A CITY centre nightclub will be forced to rip out its windows, with the bill potentially totalling hundreds of thousands of pounds.

The owner of The Silk Road Lounge and Cocktail Bar, in St Botolph’s Street, Colchester, has already made a significant investment in replacing rotten wooden windows which were “in a state of disrepair” with new plastic ones.

A planning application was submitted to Colchester Council after the work was completed at the nightclub, which is in a conservation area, and the council’s planning committee was left to decide the fate of the windows.

Despite planning officers recommending councillors accept the plans, owner Osman Rasih has been told he must undo the work after six committee members voted to reject the application at a meeting.

Gazette: Business leader - Silk Road boss Osman RasihBusiness leader - Silk Road boss Osman Rasih

Planning officer Hayleigh Parker Haines told the committee applications to replace timber windows with UPVC ones aren’t usually supported in historic areas of the city but said the social and economic benefits provided by the venue “is considered to outweigh the less than substantial harm identified to the historic environment”.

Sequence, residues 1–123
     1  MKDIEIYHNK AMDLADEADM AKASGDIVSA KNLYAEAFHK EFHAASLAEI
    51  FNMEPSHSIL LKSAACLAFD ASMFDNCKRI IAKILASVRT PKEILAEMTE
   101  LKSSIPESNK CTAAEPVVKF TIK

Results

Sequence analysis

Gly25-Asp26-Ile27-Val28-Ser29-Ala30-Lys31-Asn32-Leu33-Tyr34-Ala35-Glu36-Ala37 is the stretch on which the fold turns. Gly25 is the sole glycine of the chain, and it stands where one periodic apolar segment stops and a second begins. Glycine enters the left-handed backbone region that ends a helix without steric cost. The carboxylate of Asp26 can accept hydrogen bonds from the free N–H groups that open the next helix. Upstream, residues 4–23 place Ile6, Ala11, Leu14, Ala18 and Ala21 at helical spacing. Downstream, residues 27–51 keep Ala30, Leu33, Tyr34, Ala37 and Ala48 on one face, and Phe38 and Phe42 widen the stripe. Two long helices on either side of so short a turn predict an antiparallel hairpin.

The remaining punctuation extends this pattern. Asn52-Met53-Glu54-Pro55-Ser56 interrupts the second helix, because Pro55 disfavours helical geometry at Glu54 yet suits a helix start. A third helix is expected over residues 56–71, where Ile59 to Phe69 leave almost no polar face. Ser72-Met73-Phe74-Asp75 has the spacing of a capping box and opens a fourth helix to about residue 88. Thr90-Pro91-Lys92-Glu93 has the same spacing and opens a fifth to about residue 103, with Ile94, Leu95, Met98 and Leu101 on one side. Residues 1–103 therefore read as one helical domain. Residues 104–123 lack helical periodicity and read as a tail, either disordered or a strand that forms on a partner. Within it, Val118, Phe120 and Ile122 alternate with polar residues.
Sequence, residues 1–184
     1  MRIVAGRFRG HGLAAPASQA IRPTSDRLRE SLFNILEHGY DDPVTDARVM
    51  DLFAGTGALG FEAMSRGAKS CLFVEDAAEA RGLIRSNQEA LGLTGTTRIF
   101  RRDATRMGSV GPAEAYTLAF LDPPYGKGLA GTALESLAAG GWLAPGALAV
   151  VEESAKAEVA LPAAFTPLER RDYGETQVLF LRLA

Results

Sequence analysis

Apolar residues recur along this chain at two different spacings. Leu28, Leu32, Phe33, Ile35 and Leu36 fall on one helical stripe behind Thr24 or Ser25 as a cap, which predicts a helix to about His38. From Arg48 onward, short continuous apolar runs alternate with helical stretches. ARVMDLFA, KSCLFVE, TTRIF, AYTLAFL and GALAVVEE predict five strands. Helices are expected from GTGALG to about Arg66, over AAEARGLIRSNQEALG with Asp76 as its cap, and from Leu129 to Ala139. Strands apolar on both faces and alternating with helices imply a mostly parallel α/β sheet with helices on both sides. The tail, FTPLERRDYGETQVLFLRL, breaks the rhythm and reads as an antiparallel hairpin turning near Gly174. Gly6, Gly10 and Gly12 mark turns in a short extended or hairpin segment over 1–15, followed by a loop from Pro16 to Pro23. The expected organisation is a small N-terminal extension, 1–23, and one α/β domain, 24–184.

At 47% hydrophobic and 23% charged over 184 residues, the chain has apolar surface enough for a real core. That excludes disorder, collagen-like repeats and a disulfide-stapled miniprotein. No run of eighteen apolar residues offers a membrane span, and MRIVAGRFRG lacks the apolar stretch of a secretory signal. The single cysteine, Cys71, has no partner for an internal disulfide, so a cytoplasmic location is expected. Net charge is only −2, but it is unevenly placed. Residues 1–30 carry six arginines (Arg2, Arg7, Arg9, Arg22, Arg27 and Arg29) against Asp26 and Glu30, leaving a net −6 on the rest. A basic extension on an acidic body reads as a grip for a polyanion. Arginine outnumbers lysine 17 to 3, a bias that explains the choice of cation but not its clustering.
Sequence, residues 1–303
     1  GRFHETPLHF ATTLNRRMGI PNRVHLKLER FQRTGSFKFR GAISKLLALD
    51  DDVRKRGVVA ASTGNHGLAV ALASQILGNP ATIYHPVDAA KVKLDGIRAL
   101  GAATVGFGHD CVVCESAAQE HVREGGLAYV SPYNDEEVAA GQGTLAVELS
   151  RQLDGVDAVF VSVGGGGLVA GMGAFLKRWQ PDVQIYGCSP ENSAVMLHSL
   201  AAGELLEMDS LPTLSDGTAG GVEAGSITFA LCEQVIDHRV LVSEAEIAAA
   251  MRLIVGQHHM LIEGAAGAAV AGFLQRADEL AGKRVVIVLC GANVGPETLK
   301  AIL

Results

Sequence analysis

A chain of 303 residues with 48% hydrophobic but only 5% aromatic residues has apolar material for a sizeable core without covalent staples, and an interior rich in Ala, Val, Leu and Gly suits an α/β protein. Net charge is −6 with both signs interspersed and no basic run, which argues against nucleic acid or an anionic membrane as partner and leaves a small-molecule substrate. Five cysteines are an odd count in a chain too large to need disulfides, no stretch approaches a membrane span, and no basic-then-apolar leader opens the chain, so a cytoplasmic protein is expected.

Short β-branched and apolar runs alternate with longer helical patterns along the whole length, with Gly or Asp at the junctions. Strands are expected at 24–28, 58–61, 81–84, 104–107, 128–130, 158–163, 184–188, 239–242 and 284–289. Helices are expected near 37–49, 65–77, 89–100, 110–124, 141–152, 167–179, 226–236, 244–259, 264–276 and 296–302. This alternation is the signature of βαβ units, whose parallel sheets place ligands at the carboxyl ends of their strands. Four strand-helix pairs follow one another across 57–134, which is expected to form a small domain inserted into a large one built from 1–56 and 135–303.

Despite Ms Parker Haines’ statement, Colchester Civic Society chairman Howard Davies urged the committee to reject the application.

No other residents or neighbouring business owners wrote to Colchester Council to object to the proposals and Sam Good, chief executive of the Our Colchester business improvement district, commented that most passersby wouldn’t notice the windows had changed.

While voting to reject the application, the planning committee agreed no enforcement action would be taken against Mr Rasih for two years.

Gazette: Frustrated - Our Colchester chief executive Sam GoodFrustrated - Our Colchester chief executive Sam Good (Image: Newsquest)

Mr Good estimated the cost of new wooden windows at Silk Road would be more than £100,000 more than plastic alternatives.

He told the Gazette he was disappointed by the committee’s decision.

“We wholeheartedly celebrate our conservation area but when a business is expected to spend over £100,000 extra on wooden windows as opposed to high-quality UPVC sash windows there needs to be a re-think on how pro-business the council’s current planning committee is,” he added.

Committee member Sam McCarthy, who supported the application, said: “If someone is willing to regenerate that area or regenerate their business then I’m all for it.”